View of Venice from the Terrazza Panoramica, a new observation deck a top a multi level. upmarket shopping gallery.

Even with the tourists and the heat, I was happy to return to Venice. I love to meander, discovering intriguing alleys and passageways, off the beaten tourist track, usually getting lost. However, since I had a train to catch this time, I dared not be too adventurous. 

The trek to the station was longer than anticipated. I panicked, walking faster and faster so as not to miss my train. I made it, exhausted and perspiration drenched.

That excursion should have been enough. Perhaps best to stay and relax at the spa.? No, I needed to see Padua, again urged on by my mentor. She raved about the city’s star attractions, the Scrovegni Chapel with frescoes by Giotto and the Basilica of St. Anthony.

Scrovegni chapel with Giotto frescoes.

Giotto, an Italian painter of the late Middle Ages, and his team covered the walls of the entire chapel with frescoes illustrating the life of the Virgin and life of Christ. Their work, completed in 1305, is considered a masterpiece of the early Renaissance. It is mind boggling.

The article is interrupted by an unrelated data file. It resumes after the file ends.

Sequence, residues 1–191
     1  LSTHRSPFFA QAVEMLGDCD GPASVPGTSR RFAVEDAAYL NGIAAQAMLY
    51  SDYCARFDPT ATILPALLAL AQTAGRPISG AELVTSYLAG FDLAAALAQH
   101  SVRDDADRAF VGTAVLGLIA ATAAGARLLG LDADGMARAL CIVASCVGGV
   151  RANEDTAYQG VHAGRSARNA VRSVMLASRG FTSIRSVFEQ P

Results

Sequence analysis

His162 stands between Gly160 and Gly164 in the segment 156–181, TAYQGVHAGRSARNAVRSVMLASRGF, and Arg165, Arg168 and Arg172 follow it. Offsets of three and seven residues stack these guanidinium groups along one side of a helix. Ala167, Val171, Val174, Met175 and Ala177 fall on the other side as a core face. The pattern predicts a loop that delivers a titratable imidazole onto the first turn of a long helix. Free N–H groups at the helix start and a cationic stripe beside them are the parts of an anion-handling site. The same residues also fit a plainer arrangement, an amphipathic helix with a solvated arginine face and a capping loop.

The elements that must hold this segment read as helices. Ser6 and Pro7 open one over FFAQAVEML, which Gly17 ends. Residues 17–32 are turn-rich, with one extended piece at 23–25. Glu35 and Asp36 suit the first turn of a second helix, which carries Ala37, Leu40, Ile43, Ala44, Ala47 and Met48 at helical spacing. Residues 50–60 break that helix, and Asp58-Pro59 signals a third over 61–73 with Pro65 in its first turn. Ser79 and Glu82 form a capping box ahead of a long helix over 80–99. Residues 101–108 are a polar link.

St. Anthony’s Basilica with Byzantine-style domes and art treasures was a must for me. St. Anthony played a role in my Catholic upbringing. My mother was a fan of the saint, the patron of lost items. Whenever she or we lost something, “Pray to Saint Anthony,” she urged. Often he came through. 

St. Anthony’s tomb.

The church shelters the saint’s grandiose tomb. Worshippers place hands on the tomb and pray. St. Anthony holy cards are available for free. I gave a donation, took a few, and mailed one of each of my three brothers.

Praying at St. Anthony’s tomb.

I passed up relaxing days and therapeutic treatments at the spa for Venice and Padua. I have no regrets.

Statue of St. Anthony.

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Another monumental church in Padua: Basilica of Saint Giustina

We recently returned to Marseille, one of my favorites. It merits a blog post. And, soon I will off for Adventure Croatia with friend Karen.

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Giotto’s Last Judgment fresco.